I listen to Catholic Answers quite a bit, and I think it’s fair to say that Mr. Jimmy Akin has an amazing talent as an apologist. He always answers questions clearly, so that even when I’m scrubbing the loo I can get what he’s on about. He has a BLOG and he has a number of books which look very interesting.
I have bought the Kindle edition of The Father’s Know Best which is a good read and not too dense for people like me to understand. As the teachings, writings and activities of the Church Fathers can, and indeed has, filled many volumes this is a short overview but a good one and to help get more depth he has set up The Fathers Know Best website where you will find videos answering various questions and myths surrounding the Father’s.
If that’s not enough Akin for you then he has started his own podcast series in which he answers questions sent in. They are also available on itunes.
When you plug the Kindle into the computer via the usb you will see three folders marked Documents, Audio and Music. The documents are for books obviously. The audio will take audio books and other mp3 files, so I drop and drag or save directly the files I want to listen to into that. It means you can see what you are listening to and are able to pause, rewind or fast forward as you like.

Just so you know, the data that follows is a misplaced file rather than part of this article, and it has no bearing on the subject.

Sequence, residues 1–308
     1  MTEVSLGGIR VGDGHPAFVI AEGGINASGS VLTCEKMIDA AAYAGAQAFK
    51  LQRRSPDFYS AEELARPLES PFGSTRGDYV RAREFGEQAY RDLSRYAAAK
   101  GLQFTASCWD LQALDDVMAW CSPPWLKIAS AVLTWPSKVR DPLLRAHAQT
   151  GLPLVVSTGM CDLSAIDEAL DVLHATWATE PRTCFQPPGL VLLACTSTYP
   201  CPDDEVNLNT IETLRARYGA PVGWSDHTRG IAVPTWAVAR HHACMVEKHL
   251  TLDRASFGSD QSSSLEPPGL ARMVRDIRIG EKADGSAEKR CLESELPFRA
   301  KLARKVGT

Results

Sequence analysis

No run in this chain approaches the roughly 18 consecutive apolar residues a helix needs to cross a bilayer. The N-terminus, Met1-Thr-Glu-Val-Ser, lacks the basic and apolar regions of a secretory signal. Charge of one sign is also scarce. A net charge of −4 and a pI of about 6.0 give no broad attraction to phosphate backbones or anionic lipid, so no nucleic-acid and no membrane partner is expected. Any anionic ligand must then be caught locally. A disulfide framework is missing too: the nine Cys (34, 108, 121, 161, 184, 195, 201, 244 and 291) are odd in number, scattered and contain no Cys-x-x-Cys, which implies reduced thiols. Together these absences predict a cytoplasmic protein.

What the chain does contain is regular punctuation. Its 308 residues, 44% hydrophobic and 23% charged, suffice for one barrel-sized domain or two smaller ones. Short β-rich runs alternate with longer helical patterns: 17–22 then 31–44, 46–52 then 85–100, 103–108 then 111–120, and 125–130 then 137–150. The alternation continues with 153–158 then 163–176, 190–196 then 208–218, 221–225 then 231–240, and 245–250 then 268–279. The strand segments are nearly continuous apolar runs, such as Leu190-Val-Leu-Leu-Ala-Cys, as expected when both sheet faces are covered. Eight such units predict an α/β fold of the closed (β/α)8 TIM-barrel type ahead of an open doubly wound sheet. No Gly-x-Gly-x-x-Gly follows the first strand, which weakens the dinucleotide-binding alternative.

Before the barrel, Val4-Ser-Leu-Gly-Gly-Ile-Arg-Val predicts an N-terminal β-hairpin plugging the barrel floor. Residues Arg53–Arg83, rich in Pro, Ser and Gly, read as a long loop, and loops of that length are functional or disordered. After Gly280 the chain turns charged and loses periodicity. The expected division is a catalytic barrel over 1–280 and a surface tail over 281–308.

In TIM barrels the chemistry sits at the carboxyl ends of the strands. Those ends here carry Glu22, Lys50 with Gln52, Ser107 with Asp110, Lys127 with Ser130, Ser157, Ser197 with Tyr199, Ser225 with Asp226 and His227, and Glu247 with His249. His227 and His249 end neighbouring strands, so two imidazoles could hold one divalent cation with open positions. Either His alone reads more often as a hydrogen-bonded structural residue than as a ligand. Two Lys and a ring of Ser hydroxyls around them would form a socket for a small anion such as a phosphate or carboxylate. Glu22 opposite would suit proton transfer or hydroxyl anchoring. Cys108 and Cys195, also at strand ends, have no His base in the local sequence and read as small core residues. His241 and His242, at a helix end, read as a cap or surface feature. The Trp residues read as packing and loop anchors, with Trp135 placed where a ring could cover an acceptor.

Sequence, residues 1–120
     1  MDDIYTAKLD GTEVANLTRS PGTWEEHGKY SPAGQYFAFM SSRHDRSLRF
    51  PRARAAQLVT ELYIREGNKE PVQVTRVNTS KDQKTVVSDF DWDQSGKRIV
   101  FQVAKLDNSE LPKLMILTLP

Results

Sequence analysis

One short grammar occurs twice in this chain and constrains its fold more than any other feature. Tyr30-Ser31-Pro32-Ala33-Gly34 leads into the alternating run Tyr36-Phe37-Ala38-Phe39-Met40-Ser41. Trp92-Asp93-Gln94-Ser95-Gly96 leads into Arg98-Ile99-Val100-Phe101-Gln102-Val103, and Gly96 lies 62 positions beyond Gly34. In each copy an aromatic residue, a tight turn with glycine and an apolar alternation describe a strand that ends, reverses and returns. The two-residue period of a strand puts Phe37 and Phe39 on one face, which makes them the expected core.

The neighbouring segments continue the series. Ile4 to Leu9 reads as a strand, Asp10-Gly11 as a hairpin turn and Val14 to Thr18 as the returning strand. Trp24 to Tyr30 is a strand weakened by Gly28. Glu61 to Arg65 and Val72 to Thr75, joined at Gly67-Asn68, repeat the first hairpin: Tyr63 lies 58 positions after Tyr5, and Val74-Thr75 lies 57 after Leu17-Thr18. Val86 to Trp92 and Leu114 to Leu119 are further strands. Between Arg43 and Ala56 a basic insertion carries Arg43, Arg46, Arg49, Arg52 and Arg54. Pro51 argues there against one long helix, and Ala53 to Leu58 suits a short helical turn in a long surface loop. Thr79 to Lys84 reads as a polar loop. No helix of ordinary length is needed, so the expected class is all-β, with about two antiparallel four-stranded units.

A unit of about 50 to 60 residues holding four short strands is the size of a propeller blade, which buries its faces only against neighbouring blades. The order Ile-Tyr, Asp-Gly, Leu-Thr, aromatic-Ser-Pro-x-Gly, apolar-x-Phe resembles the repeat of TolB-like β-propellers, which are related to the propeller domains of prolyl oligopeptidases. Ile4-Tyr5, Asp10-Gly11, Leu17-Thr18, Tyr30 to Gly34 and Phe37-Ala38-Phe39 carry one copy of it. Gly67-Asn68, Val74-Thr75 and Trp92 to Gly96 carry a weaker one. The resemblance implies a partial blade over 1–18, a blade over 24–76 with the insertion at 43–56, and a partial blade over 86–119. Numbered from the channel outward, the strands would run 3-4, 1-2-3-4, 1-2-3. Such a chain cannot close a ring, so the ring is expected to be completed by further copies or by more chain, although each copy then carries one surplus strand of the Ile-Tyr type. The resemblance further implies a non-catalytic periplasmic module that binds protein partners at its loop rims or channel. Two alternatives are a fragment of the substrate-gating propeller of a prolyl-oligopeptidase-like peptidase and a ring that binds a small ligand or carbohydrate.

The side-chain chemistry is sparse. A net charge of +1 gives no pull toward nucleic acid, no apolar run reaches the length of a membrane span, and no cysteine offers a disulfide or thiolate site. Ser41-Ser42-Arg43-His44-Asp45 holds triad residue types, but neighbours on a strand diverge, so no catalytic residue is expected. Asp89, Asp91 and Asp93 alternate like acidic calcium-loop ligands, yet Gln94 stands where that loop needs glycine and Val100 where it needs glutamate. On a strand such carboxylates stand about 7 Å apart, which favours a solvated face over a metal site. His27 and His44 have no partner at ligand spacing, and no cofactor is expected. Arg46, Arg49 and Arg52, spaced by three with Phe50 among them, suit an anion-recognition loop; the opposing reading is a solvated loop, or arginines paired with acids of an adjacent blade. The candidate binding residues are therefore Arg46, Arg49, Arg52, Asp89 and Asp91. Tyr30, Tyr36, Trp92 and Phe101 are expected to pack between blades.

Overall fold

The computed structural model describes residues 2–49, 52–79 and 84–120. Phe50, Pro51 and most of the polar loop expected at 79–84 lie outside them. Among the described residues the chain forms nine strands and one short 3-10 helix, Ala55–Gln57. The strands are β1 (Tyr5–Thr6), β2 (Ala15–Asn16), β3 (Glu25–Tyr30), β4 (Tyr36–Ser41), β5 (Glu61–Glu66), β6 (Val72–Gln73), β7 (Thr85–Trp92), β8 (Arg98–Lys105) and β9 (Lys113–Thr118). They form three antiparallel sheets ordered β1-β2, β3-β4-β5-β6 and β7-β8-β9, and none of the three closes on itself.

If you drop the files into music you can listen and read at the same time, but the files are played in the order you dropped them and there’s no way of controlling them once they start.
I have wondered if I could use the music folder for read alouds for the children where they can read and listen to the book at the same time.
That brings me to the C.S. Lewis audio.
First of all there is this fantastic freebie being offered from Ancient Faith Radio. Mp3 recordings of all the Narnia books being read. (h/t Freely Educate) you might also like their podcasts from an Orthodox pov.
I also recommend the wonderful insights of Peter Kreeft who has free lectures on his site covering Lewis’s writings. I particularly recommend his lecture on “‘Till We Have Faces” and I really do recommend reading the book (although I can’t seem to find a Kindle edition unfortunately)
So there you go. Quite a bit there for all ages. (I think Dr. Kreeft is particularly good for young adults)